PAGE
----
Compared with not fulfilling each specific indication, most indications for treatment were associated with increased prescribing. The hazard ratio (HR) was 1.60 (95% CI, 1.55-1.65) for acute gout attacks during the first year following diagnosis, 1.87 (95% CI, 1.56-2.24) for tophi, 1.67 (95% CI, 1.60-1.74) for chronic kidney disease, and 1.57 (95% CI, 1.51-1.63) for diuretic use at diagnosis (Table).

Table Graphic Jump LocationTable.  Baseline Characteristics and Factors Associated With Prescription for Urate-Lowering Treatment

A total of 44% of patients fulfilled indications for urate-lowering treatment at initial diagnosis, and 87% were eligible within 5 years of diagnosis. However, only a minority of those eligible were treated according to current recommendations.1,2

Examined patient- and practice-level factors accounted for only one-fifth of the variance in prescriptions. The unexplained variance may be accounted for by factors not available in the database. Recognized barriers to care include suboptimal patient and physician knowledge of gout, its treatment, and clinical recommendations, and patient and physician preferences for treatment.4,5

Study limitations include the use of general practitioner diagnosis to identify gout patients; however, gout diagnosis in this database has been validated previously.6 For modeling, we assumed that indications for treatment have equal importance, which may not be true.

In conclusion, our study supports including urate-lowering treatment in the information about gout provided to patients around the time of first diagnosis.

Section Editor: Jody W. Zylke, MD, Deputy Editor.

Corresponding Author: Weiya Zhang, PhD, Academic Rheumatology, City Hospital, Clinical Sciences Building, Nottingham NG51PB, England (weiya.zhang@nottingham.ac.uk).

Author Contributions: Dr Kuo had full access to all of the data in the study and takes responsibility for the integrity of the data and the accuracy of the data analysis. Drs Zhang and Doherty are joint senior authors.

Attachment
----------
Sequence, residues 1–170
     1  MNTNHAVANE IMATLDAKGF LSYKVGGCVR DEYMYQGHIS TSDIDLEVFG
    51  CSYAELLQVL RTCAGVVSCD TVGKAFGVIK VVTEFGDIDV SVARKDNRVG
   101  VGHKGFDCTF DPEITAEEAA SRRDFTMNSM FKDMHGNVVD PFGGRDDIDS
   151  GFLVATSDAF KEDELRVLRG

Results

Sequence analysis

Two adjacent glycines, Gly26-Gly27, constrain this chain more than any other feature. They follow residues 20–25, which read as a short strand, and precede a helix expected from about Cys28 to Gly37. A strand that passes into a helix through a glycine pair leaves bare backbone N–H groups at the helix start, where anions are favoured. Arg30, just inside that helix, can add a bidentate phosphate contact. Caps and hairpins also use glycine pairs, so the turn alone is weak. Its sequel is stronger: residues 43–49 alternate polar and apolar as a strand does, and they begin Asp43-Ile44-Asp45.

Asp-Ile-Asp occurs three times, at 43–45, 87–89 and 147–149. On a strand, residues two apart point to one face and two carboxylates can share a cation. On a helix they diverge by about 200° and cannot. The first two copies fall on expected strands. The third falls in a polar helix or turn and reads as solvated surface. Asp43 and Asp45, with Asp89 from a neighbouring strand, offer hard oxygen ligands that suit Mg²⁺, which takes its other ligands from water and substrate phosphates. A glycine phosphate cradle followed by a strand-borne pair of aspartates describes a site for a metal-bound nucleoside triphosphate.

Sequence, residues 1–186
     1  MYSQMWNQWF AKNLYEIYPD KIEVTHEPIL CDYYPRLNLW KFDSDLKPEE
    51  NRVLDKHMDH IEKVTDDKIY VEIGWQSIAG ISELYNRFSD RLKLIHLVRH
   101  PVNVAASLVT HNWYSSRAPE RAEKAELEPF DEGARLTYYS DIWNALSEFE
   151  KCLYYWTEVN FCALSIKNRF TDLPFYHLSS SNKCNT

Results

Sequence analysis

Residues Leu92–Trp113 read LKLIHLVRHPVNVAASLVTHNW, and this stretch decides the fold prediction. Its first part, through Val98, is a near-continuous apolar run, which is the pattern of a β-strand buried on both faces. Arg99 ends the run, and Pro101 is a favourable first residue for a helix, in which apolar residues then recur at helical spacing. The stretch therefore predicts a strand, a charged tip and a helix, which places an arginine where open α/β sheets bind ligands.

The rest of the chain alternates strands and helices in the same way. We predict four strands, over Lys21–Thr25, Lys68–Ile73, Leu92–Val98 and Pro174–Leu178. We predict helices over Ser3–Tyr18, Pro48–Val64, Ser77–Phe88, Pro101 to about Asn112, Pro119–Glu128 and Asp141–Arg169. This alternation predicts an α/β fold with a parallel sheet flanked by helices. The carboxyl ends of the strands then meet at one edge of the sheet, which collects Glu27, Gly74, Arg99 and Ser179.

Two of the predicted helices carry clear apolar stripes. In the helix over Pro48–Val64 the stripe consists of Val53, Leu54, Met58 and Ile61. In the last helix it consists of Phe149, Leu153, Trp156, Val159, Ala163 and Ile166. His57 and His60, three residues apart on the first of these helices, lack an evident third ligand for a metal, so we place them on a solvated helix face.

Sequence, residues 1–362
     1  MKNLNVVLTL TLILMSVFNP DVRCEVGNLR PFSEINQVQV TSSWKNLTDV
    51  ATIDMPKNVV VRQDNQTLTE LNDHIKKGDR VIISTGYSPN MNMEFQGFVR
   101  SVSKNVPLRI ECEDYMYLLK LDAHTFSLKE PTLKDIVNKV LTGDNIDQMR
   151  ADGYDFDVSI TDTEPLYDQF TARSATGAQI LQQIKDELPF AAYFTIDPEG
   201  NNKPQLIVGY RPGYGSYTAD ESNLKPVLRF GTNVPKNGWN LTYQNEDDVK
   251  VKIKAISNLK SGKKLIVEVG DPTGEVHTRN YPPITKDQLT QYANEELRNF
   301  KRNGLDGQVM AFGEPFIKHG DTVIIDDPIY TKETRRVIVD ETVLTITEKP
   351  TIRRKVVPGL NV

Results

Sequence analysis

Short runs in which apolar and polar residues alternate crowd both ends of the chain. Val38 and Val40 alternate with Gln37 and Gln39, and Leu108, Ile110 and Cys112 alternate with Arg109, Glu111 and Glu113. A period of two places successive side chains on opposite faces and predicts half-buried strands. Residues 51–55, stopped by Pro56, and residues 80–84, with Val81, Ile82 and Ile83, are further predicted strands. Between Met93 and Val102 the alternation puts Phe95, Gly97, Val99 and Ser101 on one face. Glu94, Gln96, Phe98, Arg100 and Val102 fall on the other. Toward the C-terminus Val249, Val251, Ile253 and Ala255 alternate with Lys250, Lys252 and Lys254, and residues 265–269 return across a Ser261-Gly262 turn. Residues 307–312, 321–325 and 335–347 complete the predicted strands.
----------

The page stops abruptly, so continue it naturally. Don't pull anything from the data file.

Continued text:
Study concept and design: Kuo, Zhang, Doherty.

Acquisition, analysis, or interpretation of data: All authors.

Drafting of the manuscript: Kuo, Zhang, Doherty.

Critical revision of the manuscript for important intellectual content: All authors.

Statistical analysis: Kuo, Grainge.

Obtained funding: Kuo, Zhang.

Administrative, technical, or material support: Mallen, Zhang, Doherty.

Study supervision: Grainge, Zhang, Doherty.

Conflict of Interest Disclosures: The authors have completed and submitted the ICMJE Form for Disclosure of Potential Conflicts of Interest. Dr Zhang reported receiving personal fees from Daiichi Sankyo; and nonfinancial support from the National Institute for Health and Care Excellence, the European League Against Rheumatism, and the British Society of Rheumatology. Dr Doherty reported receiving personal fees from AstraZeneca, Menarini, Nordic Biosciences, Novartis, and Pfizer for work on gout and osteoarthritis advisory boards. No other disclosures were reported.

Funding/Support: This work was funded by the National Science Council of Taiwan project 103-2314-B-182A-070-MY2 and Chang Gung Memorial Hospital project CMRPG3A0624. The study methods and infrastructure were supported by the University of Nottingham. Dr Mallen is funded by an Arthritis Research UK clinician scientist award.

Role of the Funders/Sponsors: The sponsors of the study had no role in design and conduct of the study; collection, management, analysis, and interpretation of the data; and preparation, review, or approval of the manuscript and decision to submit the manuscript for publication.

Zhang  W, Doherty  M, Bardin  T,  et al; EULAR Standing Committee for International Clinical Studies Including Therapeutics.  EULAR evidence based recommendations for gout, part II: management. Ann Rheum Dis. 2006;65(10):1312-1324.
PubMed   |  Link to Article
Jordan  KM, Cameron  JS, Snaith  M,  et al; British Society for Rheumatology and British Health Professionals in Rheumatology Standards Guidelines and Audit Working Group (SGAWG).  British Society for Rheumatology and British Health Professionals in Rheumatology guideline for the management of gout. Rheumatology (Oxford). 2007;46(8):1372-1374.
PubMed   |  Link to Article
Williams  T, van Staa  T, Puri  S, Eaton  S.  Recent advances in the utility and use of the General Practice Research Database as an example of a UK primary care data resource. Ther Adv Drug Saf. 2012;3(2):89-99.